I am using some time this summer to plan ahead for the course. I looked for a way to send a private message but could not find a way to do so. Regarding the layout of the course with the four main themes, I have a concern. Another teacher who has taught AP Stats before had the course laid out with "Planning and Conducting a Study" as the first major unit and "Exploratory Analysis" as the second major unit. Apparently, this was a tip picked up at an AP Summer Institute. I guess the thinking is along the lines of learning how to collect data first before representing and summarizing it. However, the textbook has the units laid out in the order you wrote which also corresponds with what is written on the AP Statistics College Board Website. Have you any experience teaching the first two themes out of order? If so, what are your thoughts on which way works better?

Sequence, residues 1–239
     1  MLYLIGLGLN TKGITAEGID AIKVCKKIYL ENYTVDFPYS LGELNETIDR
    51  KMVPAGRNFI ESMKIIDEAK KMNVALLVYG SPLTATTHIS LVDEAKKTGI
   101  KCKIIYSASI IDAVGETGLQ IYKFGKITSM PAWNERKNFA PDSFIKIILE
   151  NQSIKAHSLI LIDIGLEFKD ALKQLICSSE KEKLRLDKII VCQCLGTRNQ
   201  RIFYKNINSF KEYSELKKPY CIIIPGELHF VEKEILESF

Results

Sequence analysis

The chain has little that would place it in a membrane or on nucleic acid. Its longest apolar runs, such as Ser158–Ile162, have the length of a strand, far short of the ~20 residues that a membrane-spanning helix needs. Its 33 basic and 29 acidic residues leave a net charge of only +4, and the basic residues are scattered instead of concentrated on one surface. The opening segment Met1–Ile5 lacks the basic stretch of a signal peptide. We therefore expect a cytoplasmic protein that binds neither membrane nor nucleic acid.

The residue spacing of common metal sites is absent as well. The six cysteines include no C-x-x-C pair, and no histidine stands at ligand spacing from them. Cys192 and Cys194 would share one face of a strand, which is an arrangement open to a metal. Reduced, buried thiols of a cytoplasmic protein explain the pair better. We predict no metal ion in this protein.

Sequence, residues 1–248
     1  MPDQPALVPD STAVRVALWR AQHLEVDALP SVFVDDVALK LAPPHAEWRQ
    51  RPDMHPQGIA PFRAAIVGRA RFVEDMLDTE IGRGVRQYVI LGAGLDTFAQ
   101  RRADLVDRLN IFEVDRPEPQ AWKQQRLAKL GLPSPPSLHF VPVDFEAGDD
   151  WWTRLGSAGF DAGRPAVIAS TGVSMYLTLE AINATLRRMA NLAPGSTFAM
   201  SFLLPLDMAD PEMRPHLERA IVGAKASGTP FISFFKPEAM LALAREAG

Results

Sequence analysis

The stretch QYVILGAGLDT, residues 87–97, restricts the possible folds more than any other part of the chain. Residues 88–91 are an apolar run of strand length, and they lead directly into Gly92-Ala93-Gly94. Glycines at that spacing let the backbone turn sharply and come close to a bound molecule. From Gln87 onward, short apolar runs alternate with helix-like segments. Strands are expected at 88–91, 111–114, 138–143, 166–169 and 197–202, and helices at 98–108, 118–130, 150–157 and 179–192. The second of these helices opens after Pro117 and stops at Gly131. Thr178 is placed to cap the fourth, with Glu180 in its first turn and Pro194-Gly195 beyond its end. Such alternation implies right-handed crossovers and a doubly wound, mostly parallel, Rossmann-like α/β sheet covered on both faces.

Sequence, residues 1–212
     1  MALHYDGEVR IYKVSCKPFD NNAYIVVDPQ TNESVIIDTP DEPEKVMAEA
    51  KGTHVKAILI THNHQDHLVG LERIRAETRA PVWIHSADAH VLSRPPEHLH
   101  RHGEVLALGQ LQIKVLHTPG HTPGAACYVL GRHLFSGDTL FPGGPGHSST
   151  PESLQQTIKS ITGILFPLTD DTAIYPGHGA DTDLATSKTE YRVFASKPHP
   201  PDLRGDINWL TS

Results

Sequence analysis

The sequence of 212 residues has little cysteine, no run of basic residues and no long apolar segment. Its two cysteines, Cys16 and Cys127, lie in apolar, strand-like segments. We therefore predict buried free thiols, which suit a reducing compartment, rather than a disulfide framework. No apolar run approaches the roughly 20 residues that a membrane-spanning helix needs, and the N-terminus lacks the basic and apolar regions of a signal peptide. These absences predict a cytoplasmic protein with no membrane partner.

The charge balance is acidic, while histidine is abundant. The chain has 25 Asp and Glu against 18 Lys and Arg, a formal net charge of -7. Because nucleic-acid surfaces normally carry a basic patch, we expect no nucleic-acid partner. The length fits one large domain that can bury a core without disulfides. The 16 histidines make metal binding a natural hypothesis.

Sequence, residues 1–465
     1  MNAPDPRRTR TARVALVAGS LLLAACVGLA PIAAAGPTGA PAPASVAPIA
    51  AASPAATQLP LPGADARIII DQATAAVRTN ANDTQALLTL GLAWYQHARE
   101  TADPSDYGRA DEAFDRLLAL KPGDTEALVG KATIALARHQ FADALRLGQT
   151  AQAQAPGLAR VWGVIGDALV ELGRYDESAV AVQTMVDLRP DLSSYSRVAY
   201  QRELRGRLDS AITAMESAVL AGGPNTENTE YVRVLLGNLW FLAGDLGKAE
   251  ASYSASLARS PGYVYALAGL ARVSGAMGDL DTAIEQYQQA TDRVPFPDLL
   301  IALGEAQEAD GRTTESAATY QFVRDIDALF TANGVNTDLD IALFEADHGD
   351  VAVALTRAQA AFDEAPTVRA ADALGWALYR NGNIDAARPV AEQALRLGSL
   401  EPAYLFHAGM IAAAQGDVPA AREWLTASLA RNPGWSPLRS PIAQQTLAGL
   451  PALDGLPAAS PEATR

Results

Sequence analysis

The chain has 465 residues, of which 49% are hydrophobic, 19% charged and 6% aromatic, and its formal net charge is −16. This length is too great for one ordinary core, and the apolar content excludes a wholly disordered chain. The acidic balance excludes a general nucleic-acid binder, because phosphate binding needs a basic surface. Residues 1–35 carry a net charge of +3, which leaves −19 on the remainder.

I personally feel that the ordering in the textbook is optimal. The AP exam actually covers very little on planning and conducting studies. There is a just a small handful of questions in the MC section on that and maybe one part of one problem in the FRQ section, if any. Thus, I don’t spend a lot of time on that section because of this — I have exams all the way back to 1997 and that is the common spread. What helped me structure the class was using a spreadsheet that listed the relative frequencies of the types of questions that are asked year to year on the AP test. For example, I noticed that interpreting the slope and y-intercept of a least-squares regression line shows up time and time again, as well as using z-scores to compare data sets, and explaining what a type II error means in context, and so I gave my students plenty of practice on those. I, of course, review the lessons on planning and conducting studies, but it mainly just entails having them identify the different types of sampling methods (i.e. cluster sampling, stratified sampling, multistage sampling, systematic random sampling, and simple random sampling) and knowing when it’s more advantageous to use which depending on the situation. However, I definitely make sure they know how to design an experiment using a completely randomized design (CRD) or block design and how to randomly allocate their experimental units/subjects using a random digits table, the hat method, the randInt( function on their graphing utilities, and other miscellaneous methods. Look for problems that show up again and again and that will tell you how long you should focus on certain topics. You can switch up the order, but I feel there is no need for that. My students do just fine going along with the textbook and I think your students will do fine, too. Lastly, I feel students should be able to model and manipulate data before they collect it. My thinking is this: If students collect the data and can’t interpret it or know what to do with it numerically or graphically and/or cannot identify periodic trends, then what’s the point?